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See also: Midway
midway (plural midways)
- The middle; the midst.
- A middle way or manner; a mean or middle course between extremes.
- c. 1606–1607, William Shakespeare, “The Tragedie of Anthonie and Cleopatra”, in Mr. William Shakespeares Comedies, Histories, & Tragedies: Published According to the True Originall Copies (First Folio), London: […] Isaac Iaggard, and Ed[ward] Blount, published 1623, OCLC 606515358, [Act 3, scene 4]:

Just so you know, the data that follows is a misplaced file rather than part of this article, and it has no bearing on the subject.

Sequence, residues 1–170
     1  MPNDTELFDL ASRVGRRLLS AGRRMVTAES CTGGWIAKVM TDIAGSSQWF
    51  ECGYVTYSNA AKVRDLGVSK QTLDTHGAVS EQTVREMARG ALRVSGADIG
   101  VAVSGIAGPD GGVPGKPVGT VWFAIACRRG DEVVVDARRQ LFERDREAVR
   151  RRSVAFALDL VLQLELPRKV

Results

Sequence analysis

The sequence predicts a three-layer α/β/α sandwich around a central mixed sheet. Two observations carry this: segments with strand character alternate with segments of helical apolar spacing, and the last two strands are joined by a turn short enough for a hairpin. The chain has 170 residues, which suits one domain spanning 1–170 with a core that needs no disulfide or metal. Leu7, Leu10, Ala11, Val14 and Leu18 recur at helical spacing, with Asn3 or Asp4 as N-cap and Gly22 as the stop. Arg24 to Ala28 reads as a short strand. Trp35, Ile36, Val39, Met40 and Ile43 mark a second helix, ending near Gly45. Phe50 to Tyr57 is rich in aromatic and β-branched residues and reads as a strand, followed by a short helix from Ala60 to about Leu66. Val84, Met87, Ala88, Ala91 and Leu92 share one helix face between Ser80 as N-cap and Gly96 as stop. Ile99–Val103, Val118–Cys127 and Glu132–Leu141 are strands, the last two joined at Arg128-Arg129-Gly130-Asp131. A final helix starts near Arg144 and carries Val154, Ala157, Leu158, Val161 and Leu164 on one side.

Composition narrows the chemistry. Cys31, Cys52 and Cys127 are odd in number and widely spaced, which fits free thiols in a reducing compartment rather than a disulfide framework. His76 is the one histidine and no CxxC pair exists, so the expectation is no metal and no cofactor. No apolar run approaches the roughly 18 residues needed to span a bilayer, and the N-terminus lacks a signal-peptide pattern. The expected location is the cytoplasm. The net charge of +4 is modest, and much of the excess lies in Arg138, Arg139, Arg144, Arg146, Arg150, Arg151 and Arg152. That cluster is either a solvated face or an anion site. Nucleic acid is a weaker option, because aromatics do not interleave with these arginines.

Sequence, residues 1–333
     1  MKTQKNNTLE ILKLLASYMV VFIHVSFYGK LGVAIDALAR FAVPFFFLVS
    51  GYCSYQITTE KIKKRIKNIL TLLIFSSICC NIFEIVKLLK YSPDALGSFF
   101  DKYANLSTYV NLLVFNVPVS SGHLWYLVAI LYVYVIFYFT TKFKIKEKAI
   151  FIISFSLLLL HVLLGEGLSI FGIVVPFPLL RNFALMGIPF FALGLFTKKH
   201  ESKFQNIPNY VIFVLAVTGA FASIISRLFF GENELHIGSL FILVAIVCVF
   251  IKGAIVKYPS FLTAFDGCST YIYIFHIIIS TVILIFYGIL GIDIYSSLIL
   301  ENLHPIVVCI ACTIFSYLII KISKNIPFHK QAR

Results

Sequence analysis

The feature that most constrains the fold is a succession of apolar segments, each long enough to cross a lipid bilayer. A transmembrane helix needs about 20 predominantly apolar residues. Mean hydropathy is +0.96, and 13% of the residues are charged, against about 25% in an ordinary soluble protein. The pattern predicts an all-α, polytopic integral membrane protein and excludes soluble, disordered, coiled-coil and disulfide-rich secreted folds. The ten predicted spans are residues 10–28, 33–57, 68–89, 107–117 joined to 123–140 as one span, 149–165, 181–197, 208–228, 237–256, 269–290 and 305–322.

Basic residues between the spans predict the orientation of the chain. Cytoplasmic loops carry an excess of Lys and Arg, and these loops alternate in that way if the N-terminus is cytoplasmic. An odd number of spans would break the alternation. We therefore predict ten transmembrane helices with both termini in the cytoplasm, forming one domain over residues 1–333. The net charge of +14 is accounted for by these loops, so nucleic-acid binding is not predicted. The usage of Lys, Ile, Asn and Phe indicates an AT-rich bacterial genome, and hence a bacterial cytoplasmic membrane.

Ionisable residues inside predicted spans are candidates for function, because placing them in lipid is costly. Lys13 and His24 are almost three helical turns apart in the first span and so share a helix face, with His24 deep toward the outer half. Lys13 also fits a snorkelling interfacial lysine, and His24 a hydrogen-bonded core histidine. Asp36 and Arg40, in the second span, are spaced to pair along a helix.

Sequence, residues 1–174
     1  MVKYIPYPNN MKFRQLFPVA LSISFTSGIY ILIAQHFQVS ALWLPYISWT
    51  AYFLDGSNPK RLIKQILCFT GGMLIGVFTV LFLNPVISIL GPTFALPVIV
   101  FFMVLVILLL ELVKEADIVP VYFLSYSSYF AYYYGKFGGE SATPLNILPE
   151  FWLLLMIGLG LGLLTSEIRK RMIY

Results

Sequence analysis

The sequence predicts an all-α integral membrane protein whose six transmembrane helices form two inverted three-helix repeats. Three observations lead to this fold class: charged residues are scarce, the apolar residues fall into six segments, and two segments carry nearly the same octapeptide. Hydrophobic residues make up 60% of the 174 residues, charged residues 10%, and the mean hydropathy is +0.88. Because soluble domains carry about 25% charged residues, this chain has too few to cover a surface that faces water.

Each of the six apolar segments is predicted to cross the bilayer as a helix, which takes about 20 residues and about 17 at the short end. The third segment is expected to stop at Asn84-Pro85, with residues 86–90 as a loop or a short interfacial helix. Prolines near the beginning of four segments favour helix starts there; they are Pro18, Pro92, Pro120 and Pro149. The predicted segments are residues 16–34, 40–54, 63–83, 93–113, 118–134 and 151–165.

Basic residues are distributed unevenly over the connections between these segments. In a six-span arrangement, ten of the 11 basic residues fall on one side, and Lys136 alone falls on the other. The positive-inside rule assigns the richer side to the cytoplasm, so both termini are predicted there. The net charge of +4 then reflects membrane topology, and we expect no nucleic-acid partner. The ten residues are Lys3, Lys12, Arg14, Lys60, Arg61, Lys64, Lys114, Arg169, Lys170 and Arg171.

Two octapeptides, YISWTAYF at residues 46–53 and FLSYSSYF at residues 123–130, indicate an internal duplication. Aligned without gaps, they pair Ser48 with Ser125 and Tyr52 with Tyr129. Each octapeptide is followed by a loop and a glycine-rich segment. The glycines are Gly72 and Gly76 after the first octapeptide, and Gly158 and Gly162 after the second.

- Prayes, and distroyes the prayer, no midway
Twixt these extreames at all.
- (US) The part of a fair or circus where rides, entertainments, and booths are concentrated.
- (US) The widest aisle in the middle of an industrial complex (such as railroad shops or a coach yard) along which various buildings are aligned
- (middle): See also Thesaurus:midpoint
widest aisle in the middle of an industrial complex
- Being in the middle of the way or distance; middle.
being in the middle of the way
midway (not comparable)
- Halfway; equidistant from either end point; in the middle between two points
- 2011 October 1, Phil Dawkes, “Sunderland 2 - 2 West Brom”, in BBC Sport:
- It shell-shocked the home crowd, who quickly demanded a response, which came midway through the half and in emphatic fashion.
halfway — see halfway